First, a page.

This is the genealogy of Jesus the Messiah the son of David, the son of Abraham: (Matthew 1:2).

Thus there were fourteen generations in all from Abraham to David, fourteen from David to the exile to Babylon, and fourteen from the exile to the Messiah (Matthew 1:17).

What could she do? Everyone was frozen with fear. No one intervened. No one stopped the murderous plot. Josaba  was just one woman with little power in the face of the evil queen named Athaliah who was determined to kill anyone who got in the way of her power lust. Athaliah was killing any person, adult or child, who had a rightful claim to the throne of David. What could anyone do to stop her?

When Josaba’s brother, the king, was murdered, her stepmother, Athaliah, made herself queen. Nearly all the descendants of David with a right to the throne had been killed in previous palace blood purges. Now, Josaba’s evil stepmom, Athaliah, began systematically murdering all remaining rightful heirs of David. This evil queen mother was even killing her own grandchildren, nephews, and nieces.

When everyone else was too afraid to do anything, Josaba bravely did something for God, for goodness, and for grace. She summoned all her courage. She went to the palace. She found baby Joash the son of the dead king and rightful heir to the throne. She stole him away to safety. Then hid him for seven years.

We don’t have to imagine what would have happened if she had been caught. She would have faced instant execution along with her family. However, Josaba’s courageous faith was honored by YAHWEH, the covenant God of Israel and Creator of the universe. So that when the time was right, Josaba and her husband devised a way to kill the evil queen mother and appointed Joash as the rightful king. Josaba’s brave actions preserved the promised royal lineage of King David.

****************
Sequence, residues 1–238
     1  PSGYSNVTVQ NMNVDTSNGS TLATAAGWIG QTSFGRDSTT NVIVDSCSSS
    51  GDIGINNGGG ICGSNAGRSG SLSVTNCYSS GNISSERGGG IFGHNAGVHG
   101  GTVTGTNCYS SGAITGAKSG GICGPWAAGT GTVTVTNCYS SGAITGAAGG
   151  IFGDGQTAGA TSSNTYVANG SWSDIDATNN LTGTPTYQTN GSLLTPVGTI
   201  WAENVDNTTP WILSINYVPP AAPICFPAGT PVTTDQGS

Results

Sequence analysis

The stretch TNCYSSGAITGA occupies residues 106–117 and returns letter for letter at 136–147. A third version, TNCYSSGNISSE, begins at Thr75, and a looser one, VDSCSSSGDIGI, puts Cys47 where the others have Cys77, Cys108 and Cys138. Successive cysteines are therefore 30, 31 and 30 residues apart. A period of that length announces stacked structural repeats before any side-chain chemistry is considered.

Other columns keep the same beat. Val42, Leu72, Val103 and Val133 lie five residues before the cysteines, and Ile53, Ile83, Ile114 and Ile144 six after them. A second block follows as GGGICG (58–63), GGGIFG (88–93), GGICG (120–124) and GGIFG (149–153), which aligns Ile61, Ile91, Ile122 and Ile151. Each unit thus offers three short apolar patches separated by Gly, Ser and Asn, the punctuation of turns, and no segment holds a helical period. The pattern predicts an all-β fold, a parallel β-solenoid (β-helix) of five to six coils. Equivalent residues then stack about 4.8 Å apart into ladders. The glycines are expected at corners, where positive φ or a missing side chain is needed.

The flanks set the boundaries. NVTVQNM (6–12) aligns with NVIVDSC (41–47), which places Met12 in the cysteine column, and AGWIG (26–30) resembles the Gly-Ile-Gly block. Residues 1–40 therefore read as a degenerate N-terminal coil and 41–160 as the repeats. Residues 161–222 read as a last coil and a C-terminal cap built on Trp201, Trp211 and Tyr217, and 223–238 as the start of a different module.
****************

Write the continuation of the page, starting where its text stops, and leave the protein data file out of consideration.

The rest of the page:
Despite the blood, gore, intrigue, and courage that we find in this story, it is not from an episode of “Game of Thrones.” Instead, this is a story of courage from the Bible in 2 Chronicles chapters 21-23.

Every life is precious to God, so this story is important because a young child was saved from a power-deranged grandmother hellbent on genocide. This story is also important for each of us as well. Without Josaba’s courage, Jesus would have never come as Messiah, the promised descendant of David who would reign forever (1 Kings 9:5). We would not have a Savior, and we would be “without God and without hope in the world” (Ephesians 2:12).

Amazingly, God let eternity’s outcome rest on the decision of one woman to act courageously. If she didn’t risk her life, ours would be ruined. If she didn’t act in courageous faith, we would have no one in whom to place our faith. In that crucial moment, Josaba stepped into danger to bring salvation for Joash, for God’s people, and ultimately for us.

Each of us has a role to play in God’s great story of grace. When God created us in the womb of our mother, he fashioned us for a specific purpose in the world (Psalm 139:13-16). Satan is going to do everything he can to tell us our choices are personal and don’t matter that much to others. I’m sure he made sure Josaba heard something like that in her moment of decision. But, like this great but largely unknown Bible hero, we need to realize that our decisions matter to more people than we can imagine. So, when confronted with a choice of dangerous courage or easy complicity, let’s choose courage. We may never know how many people’s eternal future hang in the balance, but God does!

Peter reminded us of the importance of our choice long ago:

Be alert and of sober mind. Your enemy the devil prowls around like a roaring lion looking for someone to devour. Resist him, standing firm in the faith, because you know that the family of believers throughout the world is undergoing the same kind of sufferings (1 Peter 5:8-9 NIV11).

Let’s be courageous like Josaba. Let’s resist the devil and his lies. Let’s stand firm in our faith. Let’s act decisively for the cause of God, goodness, and grace.


Read more about Josaba (Jehosheba) in Wikipedia and in the Bible (2 Chronicles 22:10-12; 2 Chronicles 23:1-21).